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 At the end of the path is the beginning of your virtual tour. Locate the following scene, then follow to the right with the photos below:

 The mural shows eggs on milkweed. Female Monarchs only lay eggs on milkweed plants, because Monarch caterpillars only eat milkweed. The eggs hatch after three days.  After hatching, Monarch caterpillars eat their own egg shell and then start their full time job of eating milkweed.

above: The beginning of the tour and Monarch lifecycle. Egg Stage.
above: Close up of an actual Monarch Egg on Milkweed.

 The milkweed plant provides both food and shelter for a caterpillar for approximately two weeks. They eat almost constantly, so a large supply of milkweed is absolutely critical. The egg and caterpillar stage is not without danger. The Monarch has many predators. Spiders and ants will eat eggs and caterpillars. Some birds, wasps, and even mice will eat adult butterflies. Caterpillars also suffer from parasites. To ensure that as many Monarchs as possible reach adulthood, we gather the eggs and caterpillars to raise and release. The two week caterpillar stage includes rapid growth as it prepares for metamorphosis. The caterpillar will molt 4 times during this stage and grow bigger each time. The growth stage between each molt is called an instar. 

above: a caterpillar on Butterfly Weed, another Milkweed species.

above: There are actually 6 caterpillars in the photo at various instar stages.

This part of the mural shows us the process the caterpillar goes through to become a butterfly.  A caterpillar will form a ‘J’ shape and hang there approximately eighteen hours before transforming into a chrysalis. Just before they turn into a chrysalis, Monarch caterpillars spin a silk mat from which they hang upside down. The final skin is shed when the caterpillar hangs straight, wriggles out of its skin and the jade green chrysalis is formed. For several days, it might seem that nothing is happening, but the Monarch caterpillar is being completely transformed. Just before the monarchs emerge, their black, orange, and white wing patterns are visible through the pupa covering.   After emerging, the butterfly pumps body fluid into its wings, allowing them to fully expand and harden, before taking its first flight. 

Adult Monarch butterflies can feed off of a number of plants, you'll see them enjoying the coneflower, anise hyssop, and butterfly weed in the garden before they set on their leg of the great migration.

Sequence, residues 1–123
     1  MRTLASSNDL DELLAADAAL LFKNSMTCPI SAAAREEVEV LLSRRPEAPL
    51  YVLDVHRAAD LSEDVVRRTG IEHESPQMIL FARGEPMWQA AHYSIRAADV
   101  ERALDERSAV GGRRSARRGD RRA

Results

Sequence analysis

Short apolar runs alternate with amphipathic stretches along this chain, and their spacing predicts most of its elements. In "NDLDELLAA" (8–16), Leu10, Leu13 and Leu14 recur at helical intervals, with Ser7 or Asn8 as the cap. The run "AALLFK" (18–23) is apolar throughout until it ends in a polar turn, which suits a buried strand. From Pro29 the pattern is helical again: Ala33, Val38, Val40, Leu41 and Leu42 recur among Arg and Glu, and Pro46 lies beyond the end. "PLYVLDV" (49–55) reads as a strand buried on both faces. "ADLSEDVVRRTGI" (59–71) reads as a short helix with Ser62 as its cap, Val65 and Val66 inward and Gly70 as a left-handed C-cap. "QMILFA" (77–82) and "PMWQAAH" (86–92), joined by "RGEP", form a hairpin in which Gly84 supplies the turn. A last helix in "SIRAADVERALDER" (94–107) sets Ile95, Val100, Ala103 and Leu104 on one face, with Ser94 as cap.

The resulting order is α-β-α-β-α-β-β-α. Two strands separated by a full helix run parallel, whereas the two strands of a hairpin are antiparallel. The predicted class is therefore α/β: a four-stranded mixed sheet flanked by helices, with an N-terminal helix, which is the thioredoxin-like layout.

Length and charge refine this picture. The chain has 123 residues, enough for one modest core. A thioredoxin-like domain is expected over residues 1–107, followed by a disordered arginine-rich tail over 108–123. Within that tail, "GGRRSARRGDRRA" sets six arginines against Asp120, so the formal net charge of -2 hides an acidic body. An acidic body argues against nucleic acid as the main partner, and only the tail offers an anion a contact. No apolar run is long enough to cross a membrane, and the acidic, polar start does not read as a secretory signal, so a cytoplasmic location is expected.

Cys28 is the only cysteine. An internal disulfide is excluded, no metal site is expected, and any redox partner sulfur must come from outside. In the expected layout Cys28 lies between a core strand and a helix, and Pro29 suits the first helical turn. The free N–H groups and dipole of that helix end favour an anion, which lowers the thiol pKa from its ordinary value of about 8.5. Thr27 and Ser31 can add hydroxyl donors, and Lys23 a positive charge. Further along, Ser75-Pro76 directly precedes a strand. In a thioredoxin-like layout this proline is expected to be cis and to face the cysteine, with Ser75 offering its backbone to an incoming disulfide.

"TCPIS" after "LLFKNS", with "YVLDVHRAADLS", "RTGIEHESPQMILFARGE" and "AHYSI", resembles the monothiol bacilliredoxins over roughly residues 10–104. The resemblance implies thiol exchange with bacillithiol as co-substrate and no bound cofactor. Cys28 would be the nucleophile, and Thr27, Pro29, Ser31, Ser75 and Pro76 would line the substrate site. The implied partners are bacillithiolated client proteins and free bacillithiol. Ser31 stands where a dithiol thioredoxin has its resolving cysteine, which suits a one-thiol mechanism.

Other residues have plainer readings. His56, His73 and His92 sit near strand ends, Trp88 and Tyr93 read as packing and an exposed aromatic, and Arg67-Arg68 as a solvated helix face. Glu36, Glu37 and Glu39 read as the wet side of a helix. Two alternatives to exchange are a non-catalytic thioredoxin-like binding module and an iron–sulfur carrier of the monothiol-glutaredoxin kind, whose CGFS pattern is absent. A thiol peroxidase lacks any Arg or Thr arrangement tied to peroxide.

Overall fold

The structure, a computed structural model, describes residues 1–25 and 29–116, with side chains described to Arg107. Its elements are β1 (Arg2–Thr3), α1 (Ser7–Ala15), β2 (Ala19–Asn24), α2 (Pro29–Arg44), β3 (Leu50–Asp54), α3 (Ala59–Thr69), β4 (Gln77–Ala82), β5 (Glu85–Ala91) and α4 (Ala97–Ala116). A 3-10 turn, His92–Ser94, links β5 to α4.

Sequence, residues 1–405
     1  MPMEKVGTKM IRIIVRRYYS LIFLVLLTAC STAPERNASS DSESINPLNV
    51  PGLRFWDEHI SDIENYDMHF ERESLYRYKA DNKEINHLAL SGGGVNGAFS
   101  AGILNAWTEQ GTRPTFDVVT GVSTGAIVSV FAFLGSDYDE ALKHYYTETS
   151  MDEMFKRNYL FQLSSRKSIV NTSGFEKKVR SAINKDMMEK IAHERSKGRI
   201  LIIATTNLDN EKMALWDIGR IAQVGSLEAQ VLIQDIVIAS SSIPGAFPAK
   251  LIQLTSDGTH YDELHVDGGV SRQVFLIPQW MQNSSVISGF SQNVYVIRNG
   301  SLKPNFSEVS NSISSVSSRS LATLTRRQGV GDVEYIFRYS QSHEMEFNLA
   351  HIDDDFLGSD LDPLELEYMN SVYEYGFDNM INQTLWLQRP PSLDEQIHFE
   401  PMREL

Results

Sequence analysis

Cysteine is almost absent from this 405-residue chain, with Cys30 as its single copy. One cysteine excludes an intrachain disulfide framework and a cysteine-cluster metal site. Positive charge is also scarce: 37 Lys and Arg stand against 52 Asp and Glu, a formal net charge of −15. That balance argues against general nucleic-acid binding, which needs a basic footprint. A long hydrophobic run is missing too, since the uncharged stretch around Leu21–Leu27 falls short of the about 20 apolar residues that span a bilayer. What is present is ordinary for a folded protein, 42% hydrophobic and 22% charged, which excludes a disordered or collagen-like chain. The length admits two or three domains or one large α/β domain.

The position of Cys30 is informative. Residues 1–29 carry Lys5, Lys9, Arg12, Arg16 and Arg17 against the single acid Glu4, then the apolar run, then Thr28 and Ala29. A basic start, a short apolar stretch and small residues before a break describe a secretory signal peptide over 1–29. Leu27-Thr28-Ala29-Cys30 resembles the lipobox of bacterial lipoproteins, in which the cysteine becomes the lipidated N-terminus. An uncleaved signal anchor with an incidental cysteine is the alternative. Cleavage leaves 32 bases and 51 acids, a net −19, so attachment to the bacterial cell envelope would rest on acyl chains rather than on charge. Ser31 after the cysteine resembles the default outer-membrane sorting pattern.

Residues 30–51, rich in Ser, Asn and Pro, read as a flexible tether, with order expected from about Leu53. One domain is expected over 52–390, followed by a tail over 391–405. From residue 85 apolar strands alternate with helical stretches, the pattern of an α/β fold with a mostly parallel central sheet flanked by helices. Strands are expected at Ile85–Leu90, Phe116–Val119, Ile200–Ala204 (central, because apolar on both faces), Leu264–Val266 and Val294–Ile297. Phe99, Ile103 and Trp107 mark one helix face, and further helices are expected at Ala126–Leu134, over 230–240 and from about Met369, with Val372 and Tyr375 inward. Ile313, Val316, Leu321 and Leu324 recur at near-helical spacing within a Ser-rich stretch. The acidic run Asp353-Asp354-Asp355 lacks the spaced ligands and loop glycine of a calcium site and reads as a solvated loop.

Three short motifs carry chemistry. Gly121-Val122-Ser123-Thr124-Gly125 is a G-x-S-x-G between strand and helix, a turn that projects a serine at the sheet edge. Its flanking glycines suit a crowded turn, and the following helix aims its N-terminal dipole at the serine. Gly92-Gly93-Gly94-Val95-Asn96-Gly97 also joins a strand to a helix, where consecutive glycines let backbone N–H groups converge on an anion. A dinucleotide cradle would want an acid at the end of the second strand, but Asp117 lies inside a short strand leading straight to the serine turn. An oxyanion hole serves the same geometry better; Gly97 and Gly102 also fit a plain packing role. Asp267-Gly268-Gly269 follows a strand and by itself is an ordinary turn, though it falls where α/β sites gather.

The Flutterfly Courtyard is an immersive Monarch experience born out of our love for the Monarch butterfly and our concern for the challenges they are facing. Filled with nectar and pollen rich plants, the garden is a magnet for pollinators of all types. Our main focus is the Monarch Butterfly, its life cycle and what it needs to thrive and increase in number, so you'll see a large grouping of milkweed.  As you work your way through the garden, take your time, listen to the sounds of the pollinator visitors coming and going. Look for the flashes of brilliant color as the butterflies may flit through the garden depending on season.  Observe how even an enclosed courtyard like this can be teeming with life if we just take a moment to be good hosts to our wild neighbors.

Below is a link to the native plants in the Flutterby Courtyard.  Of course change in the seasons is a change in the plants!  


click here for a list of more MILKWEED VARITIES 

Special thanks so these wonderful volunteers who made so much of this possible and spending their valuable time for us and the Monarchs.

Carolyn Turner-a Monarch hero who educated me on milkweed

Barbara Tompary- the first artist to trust our vision, thanks for the patience

Kayla Helms-our product label artist who became a mural artist!

Gail Karns- Master Gardener we're so fortunate to have because of her love for native plants and her continued care of the courtyard

Korrin Wood Photography- thanks for conveying the story beautifully in pictures

Sarah Karns-for communicating it all clearly here and on our website and bookmarks!

Sherwin Williams- for donating much of the mural paint!

My family- for doing so much of the work, especially my husband.

My Employees- for dealing with all the extra and for become stewards of this amazing insect.

Our Customers-who have dropped your change in the Monarch donation bowl- it has been an expense that you've helped bear the burden of.

 Also thanks to all that have planted milkweed and those rearing Monarch Butterflies responsibly!